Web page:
• Hospital
  • Independent hospital

Frant Road Clinic Limited

Overall: Good read more about inspection ratings

65 Frant Road, Tunbridge Wells, Kent, TN2 5LH (01892) 619797

Provided and run by:
Frant Road Clinic Ltd

All Inspections

6 July 2023

During a monthly review of our data

We carried out a review of the data available to us about Frant Road Clinic Limited on 6 July 2023. We have not found evidence that we need to carry out an inspection or reassess our rating at this stage.

This could change at any time if we receive new information. We will continue to monitor data about this service.

If you have concerns about Frant Road Clinic Limited, you can give feedback on this service.

16 October 2019

During a routine inspection

Frant Road Clinic Limited is operated by Frant Road Clinic Ltd. It is an independent ophthalmic clinic located in Tunbridge Wells, Kent, providing treatment and care for various eye conditions. The clinic offers a range of treatments and minor surgery for conditions such as diabetic retinopathy, glaucoma, corneal disease, age-related macular degeneration. Laser (non-refractive) therapies are sometimes used as treatment. There are only day case procedures performed at Frant Rd Clinic and children are not treated here.

We inspected this service using our comprehensive inspection methodology. We carried out the unannounced part of the inspection on 16 October 2019.

To get to the heart of patients’ experiences of care and treatment, we ask the same five questions of all services: are they safe, effective, caring, responsive to people's needs, and well-led? Where we have a legal duty to do so we rate services’ performance against each key question as outstanding, good, requires improvement or inadequate.

Throughout the inspection, we took account of what people told us and how the provider understood and complied with the Mental Capacity Act 2005.

We rated it as Good overall.

We found good practices:

  • The clinic was spacious, visibly clean and tidy.
  • There were safe arrangements for the management of waste and clinical specimens to prevent accidental injury or cross contamination.
  • During the reporting period, there were no incidences of healthcare acquired infection. Staff followed protocols to manage medicines safely and all medicines were stored and administered safely and securely.
  • Patient records were well maintained and clear to follow and securely stored.
  • Consultants and staff understood the relevant consent and decision-making requirements of legislation and guidance. Consent practices were in line with guidance and best practice.
  • Patients had timely access to initial assessment, diagnosis and treatment.
  • The clinic was small but well-staffed for its needs. All staff had worked at the clinic for many years.
  • Staff worked well together and were happy working at the clinic.
  • There were no patients on a waiting list. We saw that the clinic was able to allocate patient appointments in a timely manner.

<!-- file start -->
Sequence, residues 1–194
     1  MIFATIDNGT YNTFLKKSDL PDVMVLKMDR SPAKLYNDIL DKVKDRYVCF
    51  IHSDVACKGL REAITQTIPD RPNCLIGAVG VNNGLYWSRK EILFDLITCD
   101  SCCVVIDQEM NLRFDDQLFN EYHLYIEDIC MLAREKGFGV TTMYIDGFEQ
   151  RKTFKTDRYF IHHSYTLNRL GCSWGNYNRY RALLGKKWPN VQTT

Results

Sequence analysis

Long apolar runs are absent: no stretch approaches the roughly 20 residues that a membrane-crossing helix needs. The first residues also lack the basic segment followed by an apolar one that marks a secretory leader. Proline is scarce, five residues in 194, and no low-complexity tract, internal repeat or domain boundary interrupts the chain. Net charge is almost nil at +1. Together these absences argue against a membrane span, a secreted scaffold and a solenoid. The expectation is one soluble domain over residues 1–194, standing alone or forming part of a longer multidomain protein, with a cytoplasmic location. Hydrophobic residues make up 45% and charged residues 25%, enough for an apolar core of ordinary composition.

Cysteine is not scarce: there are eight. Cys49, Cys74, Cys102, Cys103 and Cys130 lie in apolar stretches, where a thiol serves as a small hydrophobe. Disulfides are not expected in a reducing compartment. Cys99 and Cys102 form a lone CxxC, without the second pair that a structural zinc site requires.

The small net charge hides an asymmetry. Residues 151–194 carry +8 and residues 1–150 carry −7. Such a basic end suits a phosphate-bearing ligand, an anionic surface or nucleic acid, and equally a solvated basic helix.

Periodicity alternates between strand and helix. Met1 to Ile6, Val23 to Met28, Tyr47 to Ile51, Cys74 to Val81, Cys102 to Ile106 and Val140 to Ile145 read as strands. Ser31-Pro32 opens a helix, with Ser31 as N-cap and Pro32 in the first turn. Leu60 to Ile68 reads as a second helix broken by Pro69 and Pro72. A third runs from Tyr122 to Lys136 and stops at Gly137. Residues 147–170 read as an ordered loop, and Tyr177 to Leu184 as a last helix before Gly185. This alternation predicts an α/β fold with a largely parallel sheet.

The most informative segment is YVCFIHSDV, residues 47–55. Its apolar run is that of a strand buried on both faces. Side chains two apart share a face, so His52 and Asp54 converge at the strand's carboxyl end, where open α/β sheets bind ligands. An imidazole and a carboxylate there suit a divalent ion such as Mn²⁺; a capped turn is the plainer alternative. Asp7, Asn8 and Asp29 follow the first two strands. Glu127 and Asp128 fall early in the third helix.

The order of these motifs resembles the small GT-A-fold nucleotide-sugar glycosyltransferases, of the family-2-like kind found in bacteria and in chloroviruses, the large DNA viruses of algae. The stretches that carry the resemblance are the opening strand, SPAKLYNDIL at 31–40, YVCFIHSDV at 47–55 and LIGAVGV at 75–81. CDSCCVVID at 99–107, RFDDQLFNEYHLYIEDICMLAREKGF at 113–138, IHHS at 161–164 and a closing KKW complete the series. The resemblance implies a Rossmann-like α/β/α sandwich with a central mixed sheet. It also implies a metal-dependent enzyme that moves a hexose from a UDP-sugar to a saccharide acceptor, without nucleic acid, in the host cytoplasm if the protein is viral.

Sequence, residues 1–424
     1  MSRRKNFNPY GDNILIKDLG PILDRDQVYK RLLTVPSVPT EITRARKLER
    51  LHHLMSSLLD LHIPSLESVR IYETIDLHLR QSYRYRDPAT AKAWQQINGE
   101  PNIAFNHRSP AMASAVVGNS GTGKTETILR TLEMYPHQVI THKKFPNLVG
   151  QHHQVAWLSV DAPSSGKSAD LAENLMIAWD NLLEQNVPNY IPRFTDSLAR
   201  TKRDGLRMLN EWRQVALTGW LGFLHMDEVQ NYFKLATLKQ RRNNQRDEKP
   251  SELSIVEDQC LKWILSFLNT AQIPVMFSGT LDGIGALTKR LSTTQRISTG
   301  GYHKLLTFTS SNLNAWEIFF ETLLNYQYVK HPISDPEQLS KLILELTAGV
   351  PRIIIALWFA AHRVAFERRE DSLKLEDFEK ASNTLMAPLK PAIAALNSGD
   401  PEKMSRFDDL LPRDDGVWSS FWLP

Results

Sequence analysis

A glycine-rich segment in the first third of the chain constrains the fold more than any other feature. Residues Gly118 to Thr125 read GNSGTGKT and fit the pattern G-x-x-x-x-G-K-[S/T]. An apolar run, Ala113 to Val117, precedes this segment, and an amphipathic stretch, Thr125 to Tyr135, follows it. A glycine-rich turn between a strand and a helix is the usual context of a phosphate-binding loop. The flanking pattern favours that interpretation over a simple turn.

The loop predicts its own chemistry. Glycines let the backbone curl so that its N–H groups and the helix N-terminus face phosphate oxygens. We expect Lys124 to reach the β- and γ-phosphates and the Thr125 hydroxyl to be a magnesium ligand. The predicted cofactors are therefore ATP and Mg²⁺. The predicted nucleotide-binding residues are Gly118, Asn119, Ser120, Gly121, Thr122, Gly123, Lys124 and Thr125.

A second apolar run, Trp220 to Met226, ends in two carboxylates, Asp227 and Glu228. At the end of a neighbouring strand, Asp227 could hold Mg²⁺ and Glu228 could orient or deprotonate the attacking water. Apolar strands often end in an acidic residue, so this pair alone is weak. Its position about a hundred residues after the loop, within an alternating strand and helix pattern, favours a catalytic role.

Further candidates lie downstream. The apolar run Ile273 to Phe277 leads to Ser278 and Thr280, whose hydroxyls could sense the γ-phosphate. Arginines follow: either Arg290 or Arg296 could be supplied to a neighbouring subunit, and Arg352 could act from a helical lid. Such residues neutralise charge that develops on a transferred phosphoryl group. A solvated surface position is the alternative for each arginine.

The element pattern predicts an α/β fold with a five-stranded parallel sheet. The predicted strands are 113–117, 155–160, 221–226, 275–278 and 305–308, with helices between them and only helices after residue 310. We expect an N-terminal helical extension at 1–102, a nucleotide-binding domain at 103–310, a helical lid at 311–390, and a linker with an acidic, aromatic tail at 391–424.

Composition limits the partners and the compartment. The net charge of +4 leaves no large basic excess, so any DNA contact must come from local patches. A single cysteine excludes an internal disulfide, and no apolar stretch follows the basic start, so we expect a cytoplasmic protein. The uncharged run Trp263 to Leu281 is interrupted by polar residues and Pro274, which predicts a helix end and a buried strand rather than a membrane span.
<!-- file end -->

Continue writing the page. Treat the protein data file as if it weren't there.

• Patient feedback was positive, and many patients had attended the clinic repeatedly because they appreciated the service received.
  • It was easy for people to give feedback and raise concerns about care.

However, we also found the following issues that the service provider needs to improve:

  • Although staff were trained in safeguarding, the safeguarding lead had not undertaken the correct level of training for this role.
  • There was no repeat process or policy to state whether staff member’s Disclosure and Barring (DBS) checks were valid after a given number of years of service.
  • The service lacked a robust and regular audit system and a seamless way of measuring patient outcomes.
  • Some policies and procedures contained incorrect detail and needed to be revised.
  • This was a small service with prompt access to the provider but were no regular formal meetings for staff to participate in.

Following this inspection, we told the provider that it should make some improvements, even though a regulation had not been breached, to help the service improve. Details are at the end of the report.

Nigel Acheson

Deputy Chief Inspector of Hospitals (London and South East)

17 October 2013

During a routine inspection

We spoke with five patients and all three staff members who were on duty. The front line staff comprised the surgeon, the nurse and the receptionist.

Patients felt their privacy and dignity were respected. They were involved in their treatment to the extent that they wanted to be.

Patients were very positive about the quality of care they received. '100%', 'excellent' the way you are treated' and 'can't find any fault' were among the comments made to us.

On our inspection in August 2012 we found that some staff training had not been regularly updated. At this inspection we saw that this had been rectified.

There were effective systems in place to monitor the quality of care provided the patients.

Records were complete, patient confidentially was respected and they were stored securely.

7 September 2012

During a routine inspection

Patients were very pleased with the quality of care they received. One patient said that she believed her sight had been partially saved because the surgeon had attended to her emergency on his day off.

One patient said 'Thank you for the care, trouble and technical expertise'.